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School district gives 37 workers layoff notices
The South Whidbey School District, bowing to the realities of declining enrollment and a $1.9 million budget shortfall, mailed potential layoff notices to 37 employees this week.
Of the total, 18 notices went to certificated staff in grades six through 12, eight went to alternative staff from Whidbey Island Academy and Bayview School, and 11 notices went to kindergarten through fifth-grade staff.
“This is not a matter of job performance,” said District Superintendent Fred McCarthy. “It is a matter of reduced revenue, union seniority and reduced program needs as a result of significant enrollment decline.”
McCarthy said the reductions were governed by seniority and the provisions of the workers’ collective bargaining agreement. Workers were notified on April 14 of possible reductions.
The news was tough to take.
“Those on the list were devastated, especially given the current economic climate,” said South Whidbey teachers’ union co-president Jan McNeely. “It’s not like they can go down the road and get a job somewhere else.”
“Certificated” employees include teachers, librarians and counselors. “Classified” employees are secretaries, custodians and other support staff.
The list of those who may lose jobs is preliminary, officials said.
“Our contract with the teachers’ union requires that we notify them that there is a possibility their contract won’t be renewed in the fall,” said district business manager Dan Poolman. “The actual reduction-in-force list — the final cut — will be sent out on May 15.”
Poolman said that those who made the list were generally the youngest and least experienced persons within a particular program; arts, history, counseling, math and so forth.
But McNeely said the years of experience ranged from 0.133 to 18.7 years.
“The names of those who appeared on the list were not in any way based on their performance,” she said.
“The total is about one-third of our teachers. We knew this was coming, but no one expected 37 names,” McNeely said.
The South Whidbey Education Association is sponsoring a “50/50” event — 50 parents and 50 teachers — to talk about preserving jobs at 6:30 p.m. Tuesday, May 5 in Grigware Hall at Trinity Lutheran Church in Freeland.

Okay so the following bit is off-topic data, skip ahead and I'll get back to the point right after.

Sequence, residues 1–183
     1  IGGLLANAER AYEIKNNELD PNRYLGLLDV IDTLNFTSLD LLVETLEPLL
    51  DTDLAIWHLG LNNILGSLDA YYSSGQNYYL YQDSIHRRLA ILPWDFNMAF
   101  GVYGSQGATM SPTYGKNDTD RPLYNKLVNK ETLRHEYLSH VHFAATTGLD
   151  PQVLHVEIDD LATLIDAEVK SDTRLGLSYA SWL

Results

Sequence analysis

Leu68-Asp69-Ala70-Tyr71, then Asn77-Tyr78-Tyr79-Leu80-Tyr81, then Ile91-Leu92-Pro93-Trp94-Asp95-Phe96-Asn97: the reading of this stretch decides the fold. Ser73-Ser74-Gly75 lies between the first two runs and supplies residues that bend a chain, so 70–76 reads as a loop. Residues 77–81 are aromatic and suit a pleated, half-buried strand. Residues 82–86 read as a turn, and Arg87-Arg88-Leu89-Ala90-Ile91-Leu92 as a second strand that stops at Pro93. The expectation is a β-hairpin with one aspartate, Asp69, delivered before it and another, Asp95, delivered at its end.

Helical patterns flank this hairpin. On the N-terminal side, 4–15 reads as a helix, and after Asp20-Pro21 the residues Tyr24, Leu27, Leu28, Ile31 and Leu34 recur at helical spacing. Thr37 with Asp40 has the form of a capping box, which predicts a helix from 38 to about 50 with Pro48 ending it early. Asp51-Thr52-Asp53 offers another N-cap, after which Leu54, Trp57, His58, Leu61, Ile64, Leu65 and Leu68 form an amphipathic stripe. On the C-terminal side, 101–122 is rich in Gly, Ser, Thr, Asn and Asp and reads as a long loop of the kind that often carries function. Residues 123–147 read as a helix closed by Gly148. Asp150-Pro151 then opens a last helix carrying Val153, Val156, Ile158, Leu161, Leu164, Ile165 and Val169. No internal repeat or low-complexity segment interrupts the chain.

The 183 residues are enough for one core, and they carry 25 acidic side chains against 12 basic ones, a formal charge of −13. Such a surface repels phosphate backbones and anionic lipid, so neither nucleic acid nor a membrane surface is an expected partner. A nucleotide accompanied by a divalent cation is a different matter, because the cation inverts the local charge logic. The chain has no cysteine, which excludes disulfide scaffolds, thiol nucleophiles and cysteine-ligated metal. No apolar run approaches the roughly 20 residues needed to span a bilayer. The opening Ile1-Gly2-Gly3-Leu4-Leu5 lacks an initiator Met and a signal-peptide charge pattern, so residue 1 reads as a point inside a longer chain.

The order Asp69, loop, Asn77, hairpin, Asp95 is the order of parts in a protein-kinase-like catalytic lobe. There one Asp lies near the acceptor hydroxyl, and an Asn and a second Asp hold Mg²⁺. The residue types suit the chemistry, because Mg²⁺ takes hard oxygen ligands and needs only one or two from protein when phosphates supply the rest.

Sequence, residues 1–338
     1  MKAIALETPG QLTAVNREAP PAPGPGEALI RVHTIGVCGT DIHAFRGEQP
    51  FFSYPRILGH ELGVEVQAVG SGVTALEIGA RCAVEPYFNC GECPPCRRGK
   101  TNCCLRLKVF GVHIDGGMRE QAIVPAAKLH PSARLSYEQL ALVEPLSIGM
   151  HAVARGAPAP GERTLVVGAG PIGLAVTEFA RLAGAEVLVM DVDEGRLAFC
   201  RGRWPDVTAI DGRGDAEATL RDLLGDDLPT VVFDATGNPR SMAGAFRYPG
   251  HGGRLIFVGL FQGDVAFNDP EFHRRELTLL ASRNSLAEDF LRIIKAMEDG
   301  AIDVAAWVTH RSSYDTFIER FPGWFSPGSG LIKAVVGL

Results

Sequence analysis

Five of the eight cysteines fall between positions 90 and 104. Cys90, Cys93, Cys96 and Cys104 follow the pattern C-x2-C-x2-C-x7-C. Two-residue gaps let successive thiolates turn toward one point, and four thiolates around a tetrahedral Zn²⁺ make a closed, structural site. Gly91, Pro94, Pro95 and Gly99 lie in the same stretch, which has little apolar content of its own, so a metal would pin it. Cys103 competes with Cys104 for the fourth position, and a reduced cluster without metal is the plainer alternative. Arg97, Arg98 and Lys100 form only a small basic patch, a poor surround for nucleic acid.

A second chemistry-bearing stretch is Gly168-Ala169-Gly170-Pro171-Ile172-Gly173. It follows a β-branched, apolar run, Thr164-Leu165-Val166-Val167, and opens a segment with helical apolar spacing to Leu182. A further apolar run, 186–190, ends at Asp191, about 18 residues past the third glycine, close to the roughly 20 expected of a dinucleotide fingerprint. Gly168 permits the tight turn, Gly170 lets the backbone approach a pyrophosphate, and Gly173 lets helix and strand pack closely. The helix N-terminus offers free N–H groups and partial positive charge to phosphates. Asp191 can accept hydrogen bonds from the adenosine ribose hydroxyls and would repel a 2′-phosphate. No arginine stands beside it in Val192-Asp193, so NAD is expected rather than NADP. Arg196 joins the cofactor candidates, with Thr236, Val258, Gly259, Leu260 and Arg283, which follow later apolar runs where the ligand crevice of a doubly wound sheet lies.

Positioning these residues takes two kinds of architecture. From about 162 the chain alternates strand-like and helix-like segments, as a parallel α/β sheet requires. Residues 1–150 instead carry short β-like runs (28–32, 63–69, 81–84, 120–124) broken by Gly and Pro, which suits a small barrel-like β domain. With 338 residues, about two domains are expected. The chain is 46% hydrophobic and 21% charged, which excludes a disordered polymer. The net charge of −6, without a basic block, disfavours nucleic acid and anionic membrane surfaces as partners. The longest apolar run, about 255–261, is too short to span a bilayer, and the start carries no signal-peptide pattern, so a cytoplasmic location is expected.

“In light of these possible drastic cuts, we are asking all parents and community members who are interested in looking at creative ways to save teachers to join us on May 5, which is also National Teacher Day,” McNeely added.
School officials are forecasting a reduction of 139 students for the school year that begins in September, resulting in an overall 11 percent budget reduction.
The combination of declining enrollment and a recession has forced the district to make some very tough decisions, McCarthy said.
After cuts in programs and belt-tightening in other areas, the roughly $1.3 million shortfall must be resolved from employee layoffs, since they represent 83 percent of the district’s annual budget.
McCarthy noted that the economy has caused the decline to accelerate and, because the state’s revenue is based on sales and property taxes, the state government has less money to give schools.
The school district will hold a community forum next week to solicit recommendations and suggestions as to how the district can move forward in the face of declining student enrollment, shrinking budgets and fragile facilities. The meeting is 8:30 a.m. Saturday, April 25 in the high school commons.
Jeff VanDerford can be reached at 221-5300 or firstname.lastname@example.org.